Plattdütsch is the distinct Mennonite language, which developed over a period of 300 years in the Vistula delta region and south Russia. In 1772, most of the Mennonites' land in the Vistula area became part of Prussia in the first of the Partitions of Poland. Frederick William II of Prussia ascended the throne in 1786 and imposed heavy fees on the Mennonites in exchange for continued military exemption. Swiss Mennonites of Amish descent from Galicia settled near Dubno, Volhynia province in 1815. Other Galician Mennonites lived near Lemberg. By 1870 about 9000 individuals had immigrated to Russia, mostly to the Chortitza and Molotschna settlements which, with population increase, numbered about 45,000. Forty daughter colonies were established by 1914 occupying nearly 12,000 km! (4500 mi!) with a total population of 100,000. Also Calvin had his experience with the Anabaptists. Four Anabaptists from the Netherlands managed to enter Geneva Switzerland in 1537 trusting God to find converts. They found seven people, but when John Calvin found out about it he banished all of them by the magistrate. And yet its spirituality draw many peoples attention.
Anabaptism gave new meaning to spiritual living. It was an intense experience. Opponent of the movement Sebastian Frank wrote in 1531: “They soon gained a large following, and baptized thousands, drawing to themselves many sincere souls who had a zeal for God ... They increased so rapidly that the world feared an uprising by them though I have learned that this fear had no justification whatsoever”. Heinrich Bullinger, successor to Zwingli's writes: “Anabaptism spread with such speed that there was reason to fear that the majority of the common people would unite with this sect”. Zwingli himself became so alarmed at the strength of the movement and the heartfelt convictions of it’s adherents that he soon considered his own conflicts and theological skirmishes with Catholicism to be child's.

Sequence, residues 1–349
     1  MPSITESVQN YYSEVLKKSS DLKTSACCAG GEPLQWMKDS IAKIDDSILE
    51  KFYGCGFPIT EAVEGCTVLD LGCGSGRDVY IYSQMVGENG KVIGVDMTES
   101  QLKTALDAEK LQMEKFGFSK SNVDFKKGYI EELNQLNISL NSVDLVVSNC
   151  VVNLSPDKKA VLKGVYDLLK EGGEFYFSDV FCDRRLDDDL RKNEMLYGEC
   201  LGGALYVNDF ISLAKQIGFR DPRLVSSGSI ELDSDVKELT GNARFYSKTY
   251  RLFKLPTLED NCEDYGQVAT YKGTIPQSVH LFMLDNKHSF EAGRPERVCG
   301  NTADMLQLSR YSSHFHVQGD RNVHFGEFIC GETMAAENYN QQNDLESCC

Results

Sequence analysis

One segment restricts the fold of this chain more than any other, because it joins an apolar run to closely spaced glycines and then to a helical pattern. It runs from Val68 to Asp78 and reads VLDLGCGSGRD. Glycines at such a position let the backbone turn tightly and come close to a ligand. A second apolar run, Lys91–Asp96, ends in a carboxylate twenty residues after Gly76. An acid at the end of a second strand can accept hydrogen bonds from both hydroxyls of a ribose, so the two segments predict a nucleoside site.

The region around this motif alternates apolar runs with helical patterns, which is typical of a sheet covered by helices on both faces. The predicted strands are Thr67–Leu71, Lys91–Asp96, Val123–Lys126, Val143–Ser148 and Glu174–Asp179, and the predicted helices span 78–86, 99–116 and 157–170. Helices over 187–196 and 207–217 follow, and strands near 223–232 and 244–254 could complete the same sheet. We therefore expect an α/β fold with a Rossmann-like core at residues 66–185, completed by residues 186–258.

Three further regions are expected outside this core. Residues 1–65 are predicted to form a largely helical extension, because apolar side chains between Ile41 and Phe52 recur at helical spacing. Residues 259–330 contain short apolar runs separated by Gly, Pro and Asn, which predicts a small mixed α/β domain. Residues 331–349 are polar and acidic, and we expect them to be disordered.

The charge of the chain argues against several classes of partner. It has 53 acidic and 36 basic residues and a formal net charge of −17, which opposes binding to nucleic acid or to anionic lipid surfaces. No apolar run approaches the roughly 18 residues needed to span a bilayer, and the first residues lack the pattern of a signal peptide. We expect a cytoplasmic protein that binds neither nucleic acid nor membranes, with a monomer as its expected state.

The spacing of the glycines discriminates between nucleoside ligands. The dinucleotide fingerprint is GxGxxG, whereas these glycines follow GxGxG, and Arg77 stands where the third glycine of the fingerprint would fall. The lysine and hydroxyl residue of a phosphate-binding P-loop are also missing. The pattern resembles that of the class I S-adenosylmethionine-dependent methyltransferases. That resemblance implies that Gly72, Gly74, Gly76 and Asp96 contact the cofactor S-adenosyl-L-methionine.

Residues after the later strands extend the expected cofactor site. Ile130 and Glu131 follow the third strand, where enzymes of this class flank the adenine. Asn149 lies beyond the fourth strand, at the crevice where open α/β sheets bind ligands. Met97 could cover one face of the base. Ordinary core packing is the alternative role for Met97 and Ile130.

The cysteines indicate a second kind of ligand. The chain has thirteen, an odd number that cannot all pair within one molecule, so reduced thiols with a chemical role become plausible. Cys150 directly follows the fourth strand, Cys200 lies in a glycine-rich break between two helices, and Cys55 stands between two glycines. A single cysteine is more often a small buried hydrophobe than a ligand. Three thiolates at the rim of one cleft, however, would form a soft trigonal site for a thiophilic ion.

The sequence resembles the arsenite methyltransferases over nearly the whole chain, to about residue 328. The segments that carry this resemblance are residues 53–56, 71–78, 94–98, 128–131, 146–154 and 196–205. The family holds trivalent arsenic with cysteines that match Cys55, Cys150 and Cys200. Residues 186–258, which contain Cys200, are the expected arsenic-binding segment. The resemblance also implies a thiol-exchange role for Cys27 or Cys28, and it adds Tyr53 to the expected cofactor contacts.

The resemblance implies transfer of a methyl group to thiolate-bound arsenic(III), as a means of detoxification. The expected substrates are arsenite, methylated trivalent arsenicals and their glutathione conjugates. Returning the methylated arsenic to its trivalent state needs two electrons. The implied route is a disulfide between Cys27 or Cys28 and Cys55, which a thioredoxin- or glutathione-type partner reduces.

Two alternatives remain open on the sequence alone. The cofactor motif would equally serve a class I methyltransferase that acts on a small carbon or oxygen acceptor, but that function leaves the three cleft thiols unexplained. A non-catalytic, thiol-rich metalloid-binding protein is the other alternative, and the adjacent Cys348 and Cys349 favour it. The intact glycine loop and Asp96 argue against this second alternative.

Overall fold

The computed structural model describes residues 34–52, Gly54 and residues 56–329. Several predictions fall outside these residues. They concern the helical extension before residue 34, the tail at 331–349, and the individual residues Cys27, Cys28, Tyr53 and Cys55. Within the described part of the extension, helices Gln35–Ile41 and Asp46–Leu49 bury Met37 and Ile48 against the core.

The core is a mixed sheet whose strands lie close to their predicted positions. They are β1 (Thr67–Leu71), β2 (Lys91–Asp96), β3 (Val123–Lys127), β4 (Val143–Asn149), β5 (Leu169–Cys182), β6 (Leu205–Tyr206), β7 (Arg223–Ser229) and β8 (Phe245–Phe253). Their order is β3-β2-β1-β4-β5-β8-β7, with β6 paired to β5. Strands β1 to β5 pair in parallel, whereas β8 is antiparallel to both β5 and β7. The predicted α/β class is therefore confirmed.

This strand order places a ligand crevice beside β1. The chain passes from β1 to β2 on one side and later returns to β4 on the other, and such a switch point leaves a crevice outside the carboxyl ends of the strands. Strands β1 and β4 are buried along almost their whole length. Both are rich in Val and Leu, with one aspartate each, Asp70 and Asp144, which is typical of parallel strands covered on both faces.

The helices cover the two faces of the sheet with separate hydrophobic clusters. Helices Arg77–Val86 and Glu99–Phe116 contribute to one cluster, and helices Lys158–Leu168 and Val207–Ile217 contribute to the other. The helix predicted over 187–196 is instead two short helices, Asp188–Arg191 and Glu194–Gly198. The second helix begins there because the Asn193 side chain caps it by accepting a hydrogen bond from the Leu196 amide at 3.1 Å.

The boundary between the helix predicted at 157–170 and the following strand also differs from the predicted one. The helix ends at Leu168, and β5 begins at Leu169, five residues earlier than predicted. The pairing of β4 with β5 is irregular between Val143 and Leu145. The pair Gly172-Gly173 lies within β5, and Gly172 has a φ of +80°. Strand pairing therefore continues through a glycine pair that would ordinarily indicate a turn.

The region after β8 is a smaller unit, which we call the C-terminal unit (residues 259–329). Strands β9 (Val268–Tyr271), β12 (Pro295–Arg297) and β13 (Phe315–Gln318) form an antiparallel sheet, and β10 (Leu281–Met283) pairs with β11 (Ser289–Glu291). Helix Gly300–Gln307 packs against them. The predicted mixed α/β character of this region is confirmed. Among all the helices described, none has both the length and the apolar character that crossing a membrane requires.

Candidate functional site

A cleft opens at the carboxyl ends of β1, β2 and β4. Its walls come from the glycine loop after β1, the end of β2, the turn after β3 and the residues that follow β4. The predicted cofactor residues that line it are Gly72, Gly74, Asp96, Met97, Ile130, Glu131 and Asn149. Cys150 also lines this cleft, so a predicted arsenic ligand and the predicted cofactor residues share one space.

6.6 Anabaptism: Application of Calvin’s Theology in Congregational Churches
|Map 1: World Distribution of Mennonite Churches|
Anabaptism introduced a new form of worship service that was distinctly emotional. Whereas liturgical services were historically generous in ritual and pageantry before quiet worshipers, these new services were frequently loud with participants shouting and dancing. Sermons were electrified with hopes of heaven and terrors of hell. It is not over-simplification to describe them as the 'holy rollers' of their day, because the emotional appeal was captivating to passive congregants entirely accustomed to inert solemnity. This was interactive, new - revolutionary. Preaching styles contained energy. Most groups expected Christ's immediate return. Anabaptists gave new interpretations to historic traditions of the church, and invented a few new traditions of their own. Their distrust of government was obvious, and they would not take oaths. A few practiced what can only be described as combative pacifism. In other words, they were willing to respond aggressively in the most vociferous manner without actually becoming physical. One such person was Jacob Hutter who is recognized as the founder of the Hutterites. This wing of reformers united all people with a strong desire for radical reforms and therefore they were also open for radical ideas in terms of law, behavior, spirituality, interpretation of Holy Scripture and its application, with a high potential to integrate new elements of teaching. Within the three types of churches (Episcopalian, Presbyterian and Congregationalist) the later growing out of the Anabaptist Movement contributed most to reach the unreached nations, among them especially the Baptists, the Presbyterian most to realize the dream of a global “human” law and development in the concept of the United Nations and the Espicopalian type governed Protestant churches (Lutheran, Anglican, Episcopalian, Methodist, Old Catholic) most for global justice and human rights. In Asia the first Anabaptists were Dutch Mennonites from the Netherlands who established a missionary presence on the Indonesia islands Java and Sumatra in 1851. The Anabaptist presence in Asia and the Pacific reflects the broader global trend of large growth in the Anabaptist church outside of the Europe and North America. In 1950 the Anabaptist population in Asia was less than 45,000, but by 2006 that number had risen to over 240,000.